Wednesday, November 8, 2023

Cool Paint

Environmental & Science Education, STEM, Sustainability, Energy & Sustainability, Nature of Science, Climate Change

Ed Hessler

The Star Tribune in its Sunday (July 23, 2023) edition included a long feature titled "The Cooling Paint".

Xiulin Ruan, a Purdue University professor of mechanical engineering and students in his laboratory have "created the whitest paint on record, which can cool buildings. The paint has now been included in the Guinness World Records."

Cara Buckley, a reporter for the New York Times wrote the story from which the following is taken.

--The paint can "make surfaces as much as 8 degrees (F) cooler than its surrounding air temperature at midday and up to 19 degrees cooler at night."

--Can decrease A/C "needs by as much as 40%."

--The paint "doesn't warm the outside air."

--Jeremy Munday, a professor of electrical and computer engineering at the University of California, Davis had some criticisms.

If this paint "were to coat between 1% and 2% of the Earth's surface, the planet would no longer absorb more heat than it emits, and global temperatures would stop rising." Sounds good but Munday said this is not a good idea emphasizing "practicality, wildlife concerns, and weather disruptions caused by one region suddenly becoming much cooler. But spreading radiative cooling spots around the world could have global and local benefits, such as offsetting the urban heat island effect."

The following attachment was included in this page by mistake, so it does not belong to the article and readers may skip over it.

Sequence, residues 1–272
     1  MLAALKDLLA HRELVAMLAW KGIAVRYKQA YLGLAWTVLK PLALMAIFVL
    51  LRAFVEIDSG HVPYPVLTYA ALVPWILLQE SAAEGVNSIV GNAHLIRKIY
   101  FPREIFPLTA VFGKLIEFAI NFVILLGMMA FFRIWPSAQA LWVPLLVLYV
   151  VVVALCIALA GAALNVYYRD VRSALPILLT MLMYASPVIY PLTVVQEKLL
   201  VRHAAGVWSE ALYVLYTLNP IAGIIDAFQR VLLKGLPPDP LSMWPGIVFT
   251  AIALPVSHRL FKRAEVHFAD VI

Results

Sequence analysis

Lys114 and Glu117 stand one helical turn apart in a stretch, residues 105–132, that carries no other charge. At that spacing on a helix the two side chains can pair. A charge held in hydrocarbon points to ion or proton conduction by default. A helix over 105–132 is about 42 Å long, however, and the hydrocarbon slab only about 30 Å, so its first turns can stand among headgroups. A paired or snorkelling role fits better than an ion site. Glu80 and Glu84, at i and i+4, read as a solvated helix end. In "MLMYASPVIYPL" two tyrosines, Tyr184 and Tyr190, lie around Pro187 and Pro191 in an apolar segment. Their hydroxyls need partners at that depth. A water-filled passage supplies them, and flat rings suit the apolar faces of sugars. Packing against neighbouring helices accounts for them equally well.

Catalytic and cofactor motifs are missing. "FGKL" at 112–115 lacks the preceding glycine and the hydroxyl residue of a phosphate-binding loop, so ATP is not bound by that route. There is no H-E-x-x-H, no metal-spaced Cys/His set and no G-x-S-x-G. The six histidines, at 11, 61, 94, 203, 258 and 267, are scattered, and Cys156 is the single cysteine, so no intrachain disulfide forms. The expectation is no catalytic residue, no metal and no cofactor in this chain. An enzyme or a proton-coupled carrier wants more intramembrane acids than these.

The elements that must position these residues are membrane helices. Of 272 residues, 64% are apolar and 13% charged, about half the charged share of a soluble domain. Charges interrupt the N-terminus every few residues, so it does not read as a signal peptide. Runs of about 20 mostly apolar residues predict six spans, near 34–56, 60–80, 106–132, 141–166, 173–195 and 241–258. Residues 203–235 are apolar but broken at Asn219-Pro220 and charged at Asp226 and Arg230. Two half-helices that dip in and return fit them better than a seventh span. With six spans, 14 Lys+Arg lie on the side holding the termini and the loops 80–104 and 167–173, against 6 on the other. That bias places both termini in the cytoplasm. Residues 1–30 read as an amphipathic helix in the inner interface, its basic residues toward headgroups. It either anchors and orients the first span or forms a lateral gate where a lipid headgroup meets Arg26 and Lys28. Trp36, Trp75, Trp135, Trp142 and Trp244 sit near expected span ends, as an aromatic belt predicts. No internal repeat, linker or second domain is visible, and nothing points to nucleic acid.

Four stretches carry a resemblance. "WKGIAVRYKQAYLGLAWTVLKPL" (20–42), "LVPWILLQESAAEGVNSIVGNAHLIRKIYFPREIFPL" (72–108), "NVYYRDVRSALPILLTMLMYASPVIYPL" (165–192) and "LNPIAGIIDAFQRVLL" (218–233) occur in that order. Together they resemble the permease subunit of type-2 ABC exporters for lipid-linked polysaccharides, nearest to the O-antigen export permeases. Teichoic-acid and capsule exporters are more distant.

--Another concern is that the major ingredient for both standard paint and the new, reflective paint must be mined.  There are always trade-offs and this choice is difficult.

--Buckley's final complaint is with Geoengineering (aka more accurately known as Climate Engineering) -- manipulating different processes to control the Earth's climate -- distracts from the root problem: burning fossil fuels. Munday said "This is definitely not a long-term solution to the climate problem...(perhaps) short term to mitigate worse problems while trying to get everything under control."

PBS News Hour did a feature on October 18, 2021. It is 5 m 44 s long.

The Buckley reporting is behind paywalls at both the Star Tribune and the New York Times. So if you are a subscriber you can find them. Here is a superb replacement, a thoughtful and thorough report from the Intelligencer by Eric Levitz which I prefer to the original.

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